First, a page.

Sedgwick said they could spend up to $90 million on the project's renovation plans. They don't yet have that amount raised, and are still in the process of working on financing. The planning commission's support, he added, would be important in the process.
“It's hard to summarize all the things I’m feeling about this project in just a couple of minutes,” he said.
Commission Chair Bob Malley said Konocti Harbor had always comprised four to five cylinders of the county's eight-cylinder economy, and he was glad to see someone stepping up to take it over.
Community speaks on project
Despite the large crowd, only a handful of people spoke on the project, mostly to ask questions and to request additional mitigations.
County staff also answered questions from some nearby residents who wondered if the additional undeveloped land is to have any building activity – there's no such proposal – and if lighting mitigations will be in place, with Malley noting that lighting rules have changed since the resort was open.
Archaeologist Dr. John Parker of the Lake County Historical Society said the resort was in a highly sensitive area and a registered archaeologist should work alongside an American Indian monitor to observe ground disturbing activities anywhere on the property.
Coel said there were no identified archaeological sites in the vicinity that required an entire archaeological study. He said 90 percent of the property has been surveyed but the undeveloped area along the shoreline where the fourplexes are proposed to be built hadn't been surveyed, so they added the monitor requirement.
Coel said they are trying to provide a level of protection, and from a business standpoint it makes a lot of sense to do an archaeological study before doing earthwork. “This project is on a constrained timeline and we really need to get this done.”
Jack Long, the county's economic development manager, read into the record the county's support for the project.
“Staff is pleased to see Resort Equities' commitment and dedication to the project,”Long said.
Konocti Harbor was a premier destination in the county, and its closure caused ripples across the county's economy, Long said. Its return would provide a boost to the economy and the plans include all of the elements the county believes would make it successful.
Victoria Brandon, on behalf of the Sierra Club Lake Group, said there needed to be included in the project conditions a requirement that the resort adheres to the county's invasive mussel prevention program. She also suggested a tule replanting project along the resort's lakeshore would attract wildlife.
She said she was delighted that Sedgwick recognizes the perception problem – not the reality problem – for Lake County, and said the renovated resort could be the kind of first class operation that helps address that perception.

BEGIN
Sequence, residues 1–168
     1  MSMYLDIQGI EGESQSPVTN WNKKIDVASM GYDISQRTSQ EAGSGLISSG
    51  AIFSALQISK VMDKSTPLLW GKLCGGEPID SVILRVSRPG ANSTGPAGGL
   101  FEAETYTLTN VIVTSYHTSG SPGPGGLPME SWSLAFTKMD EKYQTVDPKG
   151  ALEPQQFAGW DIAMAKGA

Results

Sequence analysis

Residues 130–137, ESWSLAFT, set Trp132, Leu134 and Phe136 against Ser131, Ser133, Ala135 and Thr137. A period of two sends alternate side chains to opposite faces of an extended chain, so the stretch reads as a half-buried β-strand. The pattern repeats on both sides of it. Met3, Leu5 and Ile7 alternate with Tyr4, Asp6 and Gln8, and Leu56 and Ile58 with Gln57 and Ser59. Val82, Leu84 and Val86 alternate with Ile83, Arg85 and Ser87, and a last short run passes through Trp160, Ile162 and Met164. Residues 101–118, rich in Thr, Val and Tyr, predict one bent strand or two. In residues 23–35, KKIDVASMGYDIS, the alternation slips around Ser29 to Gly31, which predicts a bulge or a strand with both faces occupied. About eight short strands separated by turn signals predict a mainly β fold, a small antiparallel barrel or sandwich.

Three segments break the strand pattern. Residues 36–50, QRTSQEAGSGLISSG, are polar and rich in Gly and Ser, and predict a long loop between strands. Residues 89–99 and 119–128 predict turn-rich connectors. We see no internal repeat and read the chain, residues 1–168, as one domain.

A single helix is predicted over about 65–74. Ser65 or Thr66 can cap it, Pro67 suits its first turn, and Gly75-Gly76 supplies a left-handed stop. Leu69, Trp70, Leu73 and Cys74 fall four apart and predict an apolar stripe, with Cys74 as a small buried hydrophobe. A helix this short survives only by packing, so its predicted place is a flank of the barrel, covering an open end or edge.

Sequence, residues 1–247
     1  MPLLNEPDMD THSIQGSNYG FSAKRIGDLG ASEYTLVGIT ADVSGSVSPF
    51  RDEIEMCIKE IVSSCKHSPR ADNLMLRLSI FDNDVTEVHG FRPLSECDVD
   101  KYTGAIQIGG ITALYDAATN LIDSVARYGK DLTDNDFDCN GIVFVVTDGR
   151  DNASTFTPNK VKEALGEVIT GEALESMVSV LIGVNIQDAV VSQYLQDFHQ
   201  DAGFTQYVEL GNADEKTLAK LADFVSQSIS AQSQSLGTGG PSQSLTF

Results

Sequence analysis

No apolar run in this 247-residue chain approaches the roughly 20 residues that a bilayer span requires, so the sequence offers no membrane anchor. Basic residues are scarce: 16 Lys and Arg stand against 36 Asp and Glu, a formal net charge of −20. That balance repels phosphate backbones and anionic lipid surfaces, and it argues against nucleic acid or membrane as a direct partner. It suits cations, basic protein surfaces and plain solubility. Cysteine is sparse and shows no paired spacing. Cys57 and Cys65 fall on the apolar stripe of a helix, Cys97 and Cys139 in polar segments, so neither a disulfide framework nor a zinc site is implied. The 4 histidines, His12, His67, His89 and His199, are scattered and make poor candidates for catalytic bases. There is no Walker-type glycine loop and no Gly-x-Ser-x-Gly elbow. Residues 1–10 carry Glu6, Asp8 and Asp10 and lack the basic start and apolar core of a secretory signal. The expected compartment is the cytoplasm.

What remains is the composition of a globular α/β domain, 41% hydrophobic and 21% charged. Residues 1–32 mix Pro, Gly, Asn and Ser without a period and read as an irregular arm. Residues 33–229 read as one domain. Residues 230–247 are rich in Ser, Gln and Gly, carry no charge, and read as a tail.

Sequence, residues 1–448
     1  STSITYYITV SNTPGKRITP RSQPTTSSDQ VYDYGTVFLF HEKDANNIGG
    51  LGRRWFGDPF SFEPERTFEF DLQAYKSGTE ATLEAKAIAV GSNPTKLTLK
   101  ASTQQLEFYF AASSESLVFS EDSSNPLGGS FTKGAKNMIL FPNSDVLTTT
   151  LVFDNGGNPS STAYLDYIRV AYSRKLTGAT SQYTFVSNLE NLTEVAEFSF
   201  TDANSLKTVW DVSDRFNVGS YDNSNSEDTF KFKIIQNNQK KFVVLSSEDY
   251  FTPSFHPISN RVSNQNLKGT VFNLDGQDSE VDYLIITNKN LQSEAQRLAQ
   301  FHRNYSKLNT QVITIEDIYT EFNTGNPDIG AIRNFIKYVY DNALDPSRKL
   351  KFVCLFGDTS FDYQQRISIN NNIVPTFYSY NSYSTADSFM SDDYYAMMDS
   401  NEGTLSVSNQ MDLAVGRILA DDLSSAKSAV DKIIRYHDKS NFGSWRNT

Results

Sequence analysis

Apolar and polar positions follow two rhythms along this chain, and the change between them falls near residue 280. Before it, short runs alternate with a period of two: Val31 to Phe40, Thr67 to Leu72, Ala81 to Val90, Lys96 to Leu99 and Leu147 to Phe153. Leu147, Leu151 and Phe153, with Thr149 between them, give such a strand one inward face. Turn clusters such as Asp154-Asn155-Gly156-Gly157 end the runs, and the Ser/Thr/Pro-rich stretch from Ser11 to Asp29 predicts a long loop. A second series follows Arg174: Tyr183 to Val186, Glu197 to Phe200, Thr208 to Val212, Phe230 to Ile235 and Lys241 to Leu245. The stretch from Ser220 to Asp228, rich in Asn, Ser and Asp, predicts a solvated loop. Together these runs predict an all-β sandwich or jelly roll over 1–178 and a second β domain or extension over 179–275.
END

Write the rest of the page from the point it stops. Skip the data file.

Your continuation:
Sarah Ryan, environmental director for Big Valley Rancheria, also urged the commission to keep a tribal monitor present for any ground disturbance in the entire project area. She also wanted language included in the project requirements relating to species of special concern such as the Clear Lake hitch, which is now being considered for protection under the Endangered Species Act.
During commission discussion, Steele said she liked adding additional mitigations such as the tule plantings, but Coel said that under the California Environmental Quality Act there need to be impacts identified in order to require mitigations.
Malley said that the nexus is that additional runoff will result once buildings are placed on the undeveloped shoreline area, and he suggested they add a provision for placing tule beds in the area to filter runoff.
Coel asked for a brief break so he and Ingram could come back with some modified language in the permit requirements.
The changes presented to the commission included requiring Resort Equities to enter into an agreement with Lake County Water Resources to become a participant in the invasive mussels prevention program prior to operating the resort.
The firm also must provide a tule planting plan to the Water Resources Department for review and approval prior to the issuance of the building permits for the fourplexes on the shoreline. The tules should be planted within six months of the completion of the units.
In addition, Resort Equities shall provide the county with an archaeological reconnaissance study that will include the areas of existing development where demolition is proposed.
Malley asked if Sedgwick was amenable, and Ingram said yes.
Commissioner Gil Schoux made the three separate motions to approve the mitigated negative declaration as amended, grant the use permit and find that the request for a variance from the shoreline ordinance met the requirements. All three motions were approved unanimously.
“Konocti, get moving,” said Malley, with the audience giving a round of applause to the vote.
After the meeting, Ingram told Lake County News that once a seven day period during which appeals can be filed is over, Resort Equities could come in and begin filing for building permits. But he didn't expect that would happen just yet.
Sedgwick told Lake County News that the sale is anticipated to close the first or second week of March 2014.
Email Elizabeth Larson at [email protected] . Follow her on Twitter, @ERLarson, or Lake County News, @LakeCoNews.